After five days of searching, the body of promising ice skater Morgan Innes has been found in Sydney Harbour, less than 200 metres from the scene of the collision that killed the teenager and three others.

Morgan's body was discovered the day before her parents Robert and Kim and 11-year-old brother Curtis had planned to return home to Queensland, following last Wednesday night's horrific crash near the Sydney Harbour Bridge.

It was spotted by crew onboard a Waterways Authority vessel about 150 metres east of the Sydney Harbour Bridge at about 1.30pm (AEST) today.

Marine Area Command Superintendent Terry Dalton said despite a massive search effort covering more than 90 hours, he was not surprised the body had been found at almost the exact point of collision.

He said bodies usually took about four to five days to surface.

Fourteen-year-old Morgan was one of a dozen members of Australia's ice-skating community on a sightseeing tour of the harbour when their 10-metre motor cruiser collided with a HarbourCat ferry.

Others killed in the accident were NSW Ice Skating Association (NSW ISA) president Alan Blinn, 47, NSW ISA member Simone Moore, 44, and a work associate of Dr Blinn's, a 45-year-old Frenchs Forest man still to be formally identified.

Eight others were injured, including Olympian Liz Cain, who lost part of a leg.

It emerged today that Ms Cain may also have suffered brain damage in the accident.

Supt Dalton said Morgan's body had been taken to Glebe Morgue for formal identification and a post-mortem examination.

He said he had been speaking with Mr Innes on the telephone in the moments before the body was found.

"I know that he was looking for closure so that the family could get on with their life," Supt Dalton told reporters.

"He asked me when he should go home, I said 'Well, let's look at Tuesday.'

"It just so happens that immediately after the phone call there was the report that the body had been found."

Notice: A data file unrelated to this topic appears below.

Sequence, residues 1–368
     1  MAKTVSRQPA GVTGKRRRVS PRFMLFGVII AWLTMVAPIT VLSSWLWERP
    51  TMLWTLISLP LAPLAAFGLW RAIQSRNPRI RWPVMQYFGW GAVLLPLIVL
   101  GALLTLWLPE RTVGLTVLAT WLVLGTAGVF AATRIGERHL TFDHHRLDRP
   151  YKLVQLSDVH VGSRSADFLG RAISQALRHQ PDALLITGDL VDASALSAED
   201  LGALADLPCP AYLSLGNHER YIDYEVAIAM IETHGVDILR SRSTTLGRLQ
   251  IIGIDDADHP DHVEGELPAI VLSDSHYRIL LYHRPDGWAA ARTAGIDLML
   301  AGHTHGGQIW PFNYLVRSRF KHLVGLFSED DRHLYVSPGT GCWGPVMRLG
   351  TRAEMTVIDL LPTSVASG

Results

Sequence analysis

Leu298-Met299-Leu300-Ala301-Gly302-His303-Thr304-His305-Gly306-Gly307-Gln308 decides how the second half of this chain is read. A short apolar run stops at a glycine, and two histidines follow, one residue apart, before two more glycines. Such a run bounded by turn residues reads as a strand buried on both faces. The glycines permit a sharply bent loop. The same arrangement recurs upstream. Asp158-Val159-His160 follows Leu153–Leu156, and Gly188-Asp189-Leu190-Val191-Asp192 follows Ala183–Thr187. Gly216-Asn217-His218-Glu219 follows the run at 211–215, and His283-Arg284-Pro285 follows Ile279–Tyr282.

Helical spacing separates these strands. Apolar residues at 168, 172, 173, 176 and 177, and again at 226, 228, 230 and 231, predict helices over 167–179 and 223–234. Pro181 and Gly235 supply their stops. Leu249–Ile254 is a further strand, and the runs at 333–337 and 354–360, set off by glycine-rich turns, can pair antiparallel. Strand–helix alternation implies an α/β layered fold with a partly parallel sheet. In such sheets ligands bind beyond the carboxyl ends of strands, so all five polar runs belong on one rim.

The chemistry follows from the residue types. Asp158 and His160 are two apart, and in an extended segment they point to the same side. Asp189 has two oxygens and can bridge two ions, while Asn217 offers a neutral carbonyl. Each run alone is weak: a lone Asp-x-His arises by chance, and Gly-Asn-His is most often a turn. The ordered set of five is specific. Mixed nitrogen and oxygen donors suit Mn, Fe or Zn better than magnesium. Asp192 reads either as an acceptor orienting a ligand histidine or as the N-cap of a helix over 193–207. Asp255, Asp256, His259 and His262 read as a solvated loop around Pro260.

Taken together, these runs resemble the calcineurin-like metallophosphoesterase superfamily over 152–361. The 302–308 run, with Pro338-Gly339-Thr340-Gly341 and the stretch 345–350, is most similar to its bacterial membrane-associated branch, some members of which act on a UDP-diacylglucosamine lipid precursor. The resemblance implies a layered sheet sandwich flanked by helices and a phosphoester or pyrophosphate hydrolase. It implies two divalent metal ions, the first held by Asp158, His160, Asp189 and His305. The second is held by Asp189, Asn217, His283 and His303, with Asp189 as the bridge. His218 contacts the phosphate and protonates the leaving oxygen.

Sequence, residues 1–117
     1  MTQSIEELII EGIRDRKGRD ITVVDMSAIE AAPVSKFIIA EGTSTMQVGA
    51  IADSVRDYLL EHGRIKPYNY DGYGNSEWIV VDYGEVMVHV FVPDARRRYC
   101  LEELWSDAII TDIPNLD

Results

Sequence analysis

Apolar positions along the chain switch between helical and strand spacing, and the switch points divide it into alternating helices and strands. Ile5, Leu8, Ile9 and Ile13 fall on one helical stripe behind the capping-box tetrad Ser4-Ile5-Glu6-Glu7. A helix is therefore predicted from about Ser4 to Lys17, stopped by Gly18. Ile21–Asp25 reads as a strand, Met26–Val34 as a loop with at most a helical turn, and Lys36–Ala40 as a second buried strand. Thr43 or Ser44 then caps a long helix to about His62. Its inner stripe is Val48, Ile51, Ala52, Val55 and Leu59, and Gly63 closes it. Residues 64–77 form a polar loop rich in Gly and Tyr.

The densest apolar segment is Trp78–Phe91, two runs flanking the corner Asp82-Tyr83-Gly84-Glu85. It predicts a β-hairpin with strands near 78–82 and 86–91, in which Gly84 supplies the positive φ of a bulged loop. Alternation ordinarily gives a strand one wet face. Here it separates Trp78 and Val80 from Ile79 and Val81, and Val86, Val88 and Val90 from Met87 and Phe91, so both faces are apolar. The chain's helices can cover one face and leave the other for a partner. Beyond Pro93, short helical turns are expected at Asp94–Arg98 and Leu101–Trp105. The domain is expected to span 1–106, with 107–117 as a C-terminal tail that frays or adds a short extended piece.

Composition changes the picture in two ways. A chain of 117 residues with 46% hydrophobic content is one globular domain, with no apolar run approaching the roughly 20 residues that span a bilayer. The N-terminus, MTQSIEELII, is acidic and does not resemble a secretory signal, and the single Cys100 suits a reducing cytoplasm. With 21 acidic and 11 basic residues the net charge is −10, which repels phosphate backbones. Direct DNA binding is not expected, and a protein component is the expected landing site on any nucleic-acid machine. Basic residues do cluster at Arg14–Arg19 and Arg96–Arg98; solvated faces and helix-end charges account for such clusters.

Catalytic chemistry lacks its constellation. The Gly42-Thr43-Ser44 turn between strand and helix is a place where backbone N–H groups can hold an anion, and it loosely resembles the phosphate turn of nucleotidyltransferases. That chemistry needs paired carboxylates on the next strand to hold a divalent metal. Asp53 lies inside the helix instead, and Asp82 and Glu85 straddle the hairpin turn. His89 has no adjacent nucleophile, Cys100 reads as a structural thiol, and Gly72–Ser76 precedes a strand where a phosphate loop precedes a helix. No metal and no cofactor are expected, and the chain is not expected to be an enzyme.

The owner of the motor cruiser, Peter Lynch, who is married to Ms Cain, contacted Morgan's parents to offer condolences after hearing news of the discovery today.

The teenager had been staying with the Lynch family while in Sydney for a seminar given by American Olympic coach Kathy Casey at the Canterbury Olympic Ice Rink.

Lynch family friend, lawyer John Foley, said Ms Cain had not properly regained consciousness in the intensive care ward at Royal Prince Alfred Hospital.

She has lung damage and may also suffer damage to her right leg, he told AAP.

"There are other complications with her as well; she had a severe blow on the head in the accident, which required a number of stitches," he said.

"Cat scans and things are showing up problems with the brain there, with blood.

"She may have (suffered brain damage), we don't know."

Ms Cain's son, Australian ice skating champion Sean Carlow, has been praised for his bravery after saving her life when she passed out after seeing her horrific leg injury.

Belgium ice-skating judge Rita Zonnekeyn, 46, is also among the injured after suffering a fractured hip. Her husband Walter Vandebroeke has flown to Sydney to be with his wife at St Vincent's Hospital.

Also in that hospital is Ms Cain's mother, Eve Cain, 70, who is in a satisfactory condition.